Hammock – Oblivion Hymns




Hammock – Oblivion Hymns

Redeye – 2013




Heavy atmosphere clouds “My mind Was A Fog…My Heart Became A Bomb.”  Through the rising and falling composition, the band breathes life into the track courtesy of the Love Sponge Quartet. 

A children’s choir stirs “Then The Quiet Explosion.”  The voices soar over the strings in a beautiful way that should touch your soul.

My favorite Hammock songs involve guitars, like the third song “Turning Into Tiny Particles..Floating Through Empty Space.”  There is something special about the magical tone the band attains and their playing style is totally unique.  I’m not saying that they shouldn’t veer off into orchestra and what have you.  It’s just that the guitar is my favorite instrument and Marc Byrd & Andrew Thompson play haunting work on the instrument.

There is a patriotic quality to “Like A Valley With No Echo.”  The orchestration almost comes across as brass even though it’s strings.  It plays out like a military swang song.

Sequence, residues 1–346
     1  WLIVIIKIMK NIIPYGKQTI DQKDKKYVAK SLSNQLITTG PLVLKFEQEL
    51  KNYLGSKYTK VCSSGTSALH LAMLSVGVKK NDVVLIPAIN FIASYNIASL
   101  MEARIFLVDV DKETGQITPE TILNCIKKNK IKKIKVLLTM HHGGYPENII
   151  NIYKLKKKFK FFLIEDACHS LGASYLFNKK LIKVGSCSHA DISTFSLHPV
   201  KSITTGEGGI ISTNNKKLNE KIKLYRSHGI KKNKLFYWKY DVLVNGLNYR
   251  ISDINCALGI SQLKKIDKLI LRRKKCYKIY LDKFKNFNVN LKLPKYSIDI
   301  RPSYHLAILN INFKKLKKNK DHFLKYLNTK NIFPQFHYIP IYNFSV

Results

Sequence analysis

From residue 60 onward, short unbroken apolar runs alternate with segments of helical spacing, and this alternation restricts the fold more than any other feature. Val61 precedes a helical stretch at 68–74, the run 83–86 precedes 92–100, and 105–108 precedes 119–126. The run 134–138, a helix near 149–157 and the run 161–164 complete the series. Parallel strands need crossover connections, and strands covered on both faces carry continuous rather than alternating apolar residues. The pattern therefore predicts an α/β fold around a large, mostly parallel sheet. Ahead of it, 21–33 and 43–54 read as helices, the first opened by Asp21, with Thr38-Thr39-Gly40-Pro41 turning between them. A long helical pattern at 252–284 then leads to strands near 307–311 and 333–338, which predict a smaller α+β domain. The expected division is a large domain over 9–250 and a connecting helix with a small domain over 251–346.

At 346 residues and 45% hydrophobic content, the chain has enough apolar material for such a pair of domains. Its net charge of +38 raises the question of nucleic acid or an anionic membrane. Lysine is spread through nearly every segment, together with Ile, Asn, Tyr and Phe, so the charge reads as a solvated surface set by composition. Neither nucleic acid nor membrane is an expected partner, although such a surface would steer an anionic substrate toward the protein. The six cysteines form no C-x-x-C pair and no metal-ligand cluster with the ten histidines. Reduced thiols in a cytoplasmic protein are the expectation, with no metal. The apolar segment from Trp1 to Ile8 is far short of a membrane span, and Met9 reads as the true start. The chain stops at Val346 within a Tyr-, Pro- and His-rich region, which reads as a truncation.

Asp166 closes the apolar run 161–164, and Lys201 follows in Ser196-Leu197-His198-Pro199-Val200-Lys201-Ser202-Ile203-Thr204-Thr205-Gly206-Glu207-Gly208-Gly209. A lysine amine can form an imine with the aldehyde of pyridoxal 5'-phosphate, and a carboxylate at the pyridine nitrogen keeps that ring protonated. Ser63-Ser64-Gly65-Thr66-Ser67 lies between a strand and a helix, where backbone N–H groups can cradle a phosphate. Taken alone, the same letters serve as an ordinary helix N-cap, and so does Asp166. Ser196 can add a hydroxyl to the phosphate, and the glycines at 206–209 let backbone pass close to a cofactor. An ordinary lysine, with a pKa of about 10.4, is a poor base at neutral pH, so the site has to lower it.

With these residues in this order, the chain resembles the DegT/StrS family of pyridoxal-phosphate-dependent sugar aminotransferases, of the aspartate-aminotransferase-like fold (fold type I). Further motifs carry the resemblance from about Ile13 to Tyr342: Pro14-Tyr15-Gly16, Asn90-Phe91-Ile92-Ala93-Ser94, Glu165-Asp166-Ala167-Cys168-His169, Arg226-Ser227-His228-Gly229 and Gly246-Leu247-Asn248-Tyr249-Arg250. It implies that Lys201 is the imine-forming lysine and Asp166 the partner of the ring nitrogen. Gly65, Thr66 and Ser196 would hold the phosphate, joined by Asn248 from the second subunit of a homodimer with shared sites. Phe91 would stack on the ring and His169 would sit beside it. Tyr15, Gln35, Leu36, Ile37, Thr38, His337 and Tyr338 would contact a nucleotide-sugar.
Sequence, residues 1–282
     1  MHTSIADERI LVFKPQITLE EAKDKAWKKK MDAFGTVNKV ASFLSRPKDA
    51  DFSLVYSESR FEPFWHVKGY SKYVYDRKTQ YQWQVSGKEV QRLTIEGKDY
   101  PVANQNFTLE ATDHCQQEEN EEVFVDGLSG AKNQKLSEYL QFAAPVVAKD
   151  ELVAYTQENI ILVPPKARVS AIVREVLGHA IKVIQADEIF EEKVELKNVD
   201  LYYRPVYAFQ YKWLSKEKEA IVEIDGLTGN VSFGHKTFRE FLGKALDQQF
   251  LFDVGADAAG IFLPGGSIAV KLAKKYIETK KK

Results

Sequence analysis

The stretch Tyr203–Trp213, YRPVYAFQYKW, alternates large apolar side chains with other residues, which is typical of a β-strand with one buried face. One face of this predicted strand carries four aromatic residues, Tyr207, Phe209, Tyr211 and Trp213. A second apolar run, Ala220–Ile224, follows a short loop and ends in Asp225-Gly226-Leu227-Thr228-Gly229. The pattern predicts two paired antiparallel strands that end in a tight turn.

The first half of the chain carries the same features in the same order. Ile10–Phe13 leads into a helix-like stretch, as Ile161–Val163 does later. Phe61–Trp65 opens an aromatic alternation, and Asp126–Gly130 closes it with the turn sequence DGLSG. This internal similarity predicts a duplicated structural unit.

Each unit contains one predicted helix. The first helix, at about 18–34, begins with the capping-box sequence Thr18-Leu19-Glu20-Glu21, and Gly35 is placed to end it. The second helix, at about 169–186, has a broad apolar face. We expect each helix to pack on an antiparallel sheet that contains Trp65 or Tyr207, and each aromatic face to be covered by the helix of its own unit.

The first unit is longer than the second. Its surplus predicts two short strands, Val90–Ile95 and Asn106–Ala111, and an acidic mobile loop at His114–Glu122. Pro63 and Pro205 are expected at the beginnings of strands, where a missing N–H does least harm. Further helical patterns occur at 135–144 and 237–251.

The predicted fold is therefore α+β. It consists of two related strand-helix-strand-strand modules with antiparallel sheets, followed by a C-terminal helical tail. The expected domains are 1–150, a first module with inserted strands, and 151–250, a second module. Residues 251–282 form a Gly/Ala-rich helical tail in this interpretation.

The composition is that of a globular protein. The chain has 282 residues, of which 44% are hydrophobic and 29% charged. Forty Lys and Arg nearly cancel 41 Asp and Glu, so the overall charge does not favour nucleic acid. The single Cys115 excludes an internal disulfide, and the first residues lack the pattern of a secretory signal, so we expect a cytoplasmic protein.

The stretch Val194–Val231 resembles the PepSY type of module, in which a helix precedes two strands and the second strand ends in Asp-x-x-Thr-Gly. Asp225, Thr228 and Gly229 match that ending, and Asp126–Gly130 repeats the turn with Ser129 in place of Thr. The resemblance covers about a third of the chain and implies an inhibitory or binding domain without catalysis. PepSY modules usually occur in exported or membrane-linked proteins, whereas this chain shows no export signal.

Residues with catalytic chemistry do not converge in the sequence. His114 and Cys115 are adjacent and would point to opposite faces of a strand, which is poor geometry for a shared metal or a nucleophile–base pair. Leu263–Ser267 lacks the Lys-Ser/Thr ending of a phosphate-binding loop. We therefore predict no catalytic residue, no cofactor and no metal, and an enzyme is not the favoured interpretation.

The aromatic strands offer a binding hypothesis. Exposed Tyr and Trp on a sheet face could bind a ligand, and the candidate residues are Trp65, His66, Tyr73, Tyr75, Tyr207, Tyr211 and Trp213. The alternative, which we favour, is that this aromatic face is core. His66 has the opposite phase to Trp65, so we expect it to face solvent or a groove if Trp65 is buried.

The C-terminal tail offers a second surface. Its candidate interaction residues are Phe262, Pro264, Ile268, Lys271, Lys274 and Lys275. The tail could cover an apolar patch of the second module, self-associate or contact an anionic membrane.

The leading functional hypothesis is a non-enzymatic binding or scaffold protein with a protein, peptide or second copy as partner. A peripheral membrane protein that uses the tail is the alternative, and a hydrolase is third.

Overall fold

Holding Your Absence” powerful conveys the sensation of being down and missing a spark to life.  Whether it’s working multiple jobs to survive or you’re unable to be with the person you love, Hammock wonderfully encapsulates a dark, lonely essence that would support any situation described.

I really grooved to the rhythmic pattern of “I Could Hear The Water At The Edge of All Things.”  It took me on an emotional journey that was deep and felt good.  It’s definitely has a bright light that burns optimism.  The mixture of high and low instrumentation is potent.

“In The Middle Of This Nowhere…” has the band’s signature instrumental swells.  You can’t help but get emotionally swept into the waves that crest high and then sink down low.  It’s like you ride the surf of life.

Hammock captures the torturous inner war of “Hope Becomes A Loss.”  Both optimism and despair are captured equally.

There’s a foreign land touch to “Tres Dominé.”

Oblivion Hymns is a pretty restrained release from Hammock.  It features less guitar work than normal.  I can certainly understand the band wanting to branch out and do things different.  It’s just that next time I hope they include more of their most distinguishable instrument (s), because they create musical majesty with the guitar.